Gazprom may ditch plans to pipe Arctic gas from its Shtokman project, a top executive said, potentially giving Russia’s top energy firm more leeway to sell supplies from the huge field to customers outside Europe.
Gazprom may instead focus on producing more easily transportable liquefied natural gas at the Barents Sea deposit, deputy chief executive Alexander Medvedev said on Saturday -the first time the company has mentioned that option.
The comment is likely to stoke concerns in Europe about whether Russia can be relied on as a major long-term gas supplier, given rising demand for the fuel in Asian markets.
European companies have complained that Gazprom — which supplies a quarter of the continent’s gas needs — has not met their requests for extra deliveries during the current cold snap. Gazprom said it has been unable to meet all the additional demand.
Prime Minister Vladimir Putin, who will serve a third term as president from May, said last month that Russia should wean itself off its dependency on European pipeline gas deliveries and expand into super-cooled LNG, which can be delivered to the markets of Europe, the Middle East and Asia by tanker without infrastructure constraints.
Speaking to reporters on Saturday at the launch of a new gas well in Urengoi in the Arctic region, Medvedev admitted the company’s exports to Europe might be less than the 154 billion cubic metres it has projected.
“We said that exports will total 154 (bcm this year) but even if it is 150 bcm, revenues won’t be lower,” he said.
Earlier this week a Gazprom’s official said the company will increase its gas production next winter.
Shtokman’s gas reserves are estimated at 3.9 trillion cubic metres, enough to meet a year’s global consumption and making it potentially the world’s tenth largest field.
In theory, gas from the field is due to be piped to Europe via the Nord Stream pipeline -launched last November -from 2016 and shipped as more costly liquefied natural gas from 2017.
But its development has been fraught with problems and last month its operating consortium deferred for the third time since March 2011 a final decision whether to press ahead with initial investments of around $30 billion, according to some estimates.
The consortium —Gazprom with a 51 per cent stake, France’s Total (25 per cent) and Norway’s Statoil (24 per cent) -has been mired in debate over the project’s future for several years, with tax breaks being the key issue. Statoil declined to comment on Medvedev’s remarks and no one at Total was immediately available.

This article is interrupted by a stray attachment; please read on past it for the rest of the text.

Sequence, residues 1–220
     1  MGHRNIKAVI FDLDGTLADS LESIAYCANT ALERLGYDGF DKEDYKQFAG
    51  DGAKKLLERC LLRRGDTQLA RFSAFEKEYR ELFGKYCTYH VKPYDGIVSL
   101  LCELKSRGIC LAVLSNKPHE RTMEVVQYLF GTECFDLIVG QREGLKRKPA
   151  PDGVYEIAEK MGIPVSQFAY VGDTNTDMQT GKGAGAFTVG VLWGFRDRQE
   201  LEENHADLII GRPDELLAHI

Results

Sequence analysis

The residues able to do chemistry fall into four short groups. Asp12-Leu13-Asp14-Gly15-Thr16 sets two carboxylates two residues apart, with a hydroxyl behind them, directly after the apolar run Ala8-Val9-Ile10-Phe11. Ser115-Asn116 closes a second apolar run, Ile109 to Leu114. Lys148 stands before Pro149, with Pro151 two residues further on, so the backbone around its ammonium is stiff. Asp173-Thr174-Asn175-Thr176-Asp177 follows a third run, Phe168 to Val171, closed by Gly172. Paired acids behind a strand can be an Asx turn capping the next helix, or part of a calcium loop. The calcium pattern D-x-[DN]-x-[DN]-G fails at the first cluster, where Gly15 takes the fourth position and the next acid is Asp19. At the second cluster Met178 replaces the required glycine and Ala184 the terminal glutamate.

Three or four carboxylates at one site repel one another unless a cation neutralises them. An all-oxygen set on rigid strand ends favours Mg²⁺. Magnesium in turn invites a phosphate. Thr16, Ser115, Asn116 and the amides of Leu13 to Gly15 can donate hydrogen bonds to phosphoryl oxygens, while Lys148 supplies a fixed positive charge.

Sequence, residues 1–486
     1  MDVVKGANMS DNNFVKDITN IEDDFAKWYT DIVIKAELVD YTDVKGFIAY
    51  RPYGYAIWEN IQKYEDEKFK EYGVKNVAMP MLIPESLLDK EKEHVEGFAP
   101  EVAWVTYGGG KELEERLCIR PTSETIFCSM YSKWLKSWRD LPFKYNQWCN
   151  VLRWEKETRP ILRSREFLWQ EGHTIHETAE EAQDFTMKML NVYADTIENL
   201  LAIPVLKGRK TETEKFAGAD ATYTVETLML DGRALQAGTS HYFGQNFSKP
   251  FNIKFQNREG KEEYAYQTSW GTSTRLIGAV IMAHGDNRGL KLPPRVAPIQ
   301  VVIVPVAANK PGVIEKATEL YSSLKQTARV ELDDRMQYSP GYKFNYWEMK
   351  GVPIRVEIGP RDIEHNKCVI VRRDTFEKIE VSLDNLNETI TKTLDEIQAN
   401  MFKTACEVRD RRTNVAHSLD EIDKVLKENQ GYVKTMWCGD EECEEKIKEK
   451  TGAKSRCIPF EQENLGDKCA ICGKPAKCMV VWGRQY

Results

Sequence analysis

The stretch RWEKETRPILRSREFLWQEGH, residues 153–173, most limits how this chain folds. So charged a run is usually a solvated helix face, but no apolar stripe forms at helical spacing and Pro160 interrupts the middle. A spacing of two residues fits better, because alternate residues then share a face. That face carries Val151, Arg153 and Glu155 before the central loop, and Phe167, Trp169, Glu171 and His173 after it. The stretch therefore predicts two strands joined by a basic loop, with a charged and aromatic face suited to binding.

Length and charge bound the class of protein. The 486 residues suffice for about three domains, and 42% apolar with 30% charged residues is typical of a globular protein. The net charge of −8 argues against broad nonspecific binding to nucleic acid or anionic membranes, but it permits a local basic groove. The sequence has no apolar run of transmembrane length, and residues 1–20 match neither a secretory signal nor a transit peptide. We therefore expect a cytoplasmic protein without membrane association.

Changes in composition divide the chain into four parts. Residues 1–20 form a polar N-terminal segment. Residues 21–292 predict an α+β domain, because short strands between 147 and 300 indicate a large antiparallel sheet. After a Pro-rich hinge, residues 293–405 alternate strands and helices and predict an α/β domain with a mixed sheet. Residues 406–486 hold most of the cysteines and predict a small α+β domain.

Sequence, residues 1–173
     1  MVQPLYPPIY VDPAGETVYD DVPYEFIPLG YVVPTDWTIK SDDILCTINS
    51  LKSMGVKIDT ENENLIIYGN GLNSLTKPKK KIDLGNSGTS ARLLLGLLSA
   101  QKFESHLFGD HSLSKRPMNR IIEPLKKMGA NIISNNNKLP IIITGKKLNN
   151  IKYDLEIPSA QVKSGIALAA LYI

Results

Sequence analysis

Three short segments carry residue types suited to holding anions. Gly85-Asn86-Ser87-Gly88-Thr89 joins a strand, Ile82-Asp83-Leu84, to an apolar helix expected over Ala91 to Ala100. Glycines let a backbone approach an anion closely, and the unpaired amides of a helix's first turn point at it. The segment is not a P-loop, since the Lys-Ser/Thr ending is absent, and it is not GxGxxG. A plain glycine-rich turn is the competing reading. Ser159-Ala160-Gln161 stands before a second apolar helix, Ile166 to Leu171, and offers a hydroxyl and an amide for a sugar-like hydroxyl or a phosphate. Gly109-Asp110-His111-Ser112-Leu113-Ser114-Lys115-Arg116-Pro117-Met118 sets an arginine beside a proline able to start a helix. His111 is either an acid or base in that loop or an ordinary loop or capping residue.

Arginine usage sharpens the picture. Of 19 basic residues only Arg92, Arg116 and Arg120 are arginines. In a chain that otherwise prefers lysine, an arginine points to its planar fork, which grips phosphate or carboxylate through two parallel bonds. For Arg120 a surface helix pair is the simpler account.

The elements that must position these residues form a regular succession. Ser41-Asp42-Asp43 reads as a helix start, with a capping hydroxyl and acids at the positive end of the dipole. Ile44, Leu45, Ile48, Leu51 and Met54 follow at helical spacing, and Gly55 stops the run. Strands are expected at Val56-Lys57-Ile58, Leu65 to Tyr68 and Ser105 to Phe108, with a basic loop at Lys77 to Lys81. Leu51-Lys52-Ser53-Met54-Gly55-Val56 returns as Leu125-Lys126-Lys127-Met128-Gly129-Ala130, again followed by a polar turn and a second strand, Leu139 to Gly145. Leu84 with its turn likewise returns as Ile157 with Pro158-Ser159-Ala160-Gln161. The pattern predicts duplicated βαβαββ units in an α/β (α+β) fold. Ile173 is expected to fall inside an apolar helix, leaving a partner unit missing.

Under current tax rules, the economics of LNG are seen as superior to those of the pipeline option, with Russia having exempted all LNG projects from export duty.
At present, Russia’s only LNG plant -at Sakhalin-2 project of Gazprom and Shell -produces 10 million tonnes of frozen gas a year.
Analysts from energy consultancy Wood MacKenzie have said they see Shtokman supplementing this as primarily an LNG project.
Russia is considering up to 60 million tonnes in new annual LNG capacity by 2020 to feed Asian markets, especially China and Japan, where demand for the fuel has risen after last spring’s Fukushima nuclear plant disaster.
Medvedev, who is also the head of Gazprom’s exporting arm, said gas from Shtokman will be sent to southeast Asia as well as Europe.
“Preparations for a business model of cooperation with foreign partners are under way... The key thing is that, despite prolonged discussions, faith in LNG has returned to them, and we never lost it,” he said.
Gazprom has been unable to strike an agreement with China on proposed pipeline gas exports due to a dispute over pricing, and analysts say that deal is off the agenda for the foreseeable future.
As regards Europe, Gazprom had already lowered its initial estimate of 164 bcm of pipeline gas exports this year as it faced stiff competition from alternative fuel there, such as LNG as well as a cheaper spot market. The company has also made pricing concessions to several customers, including Italian’s ENI.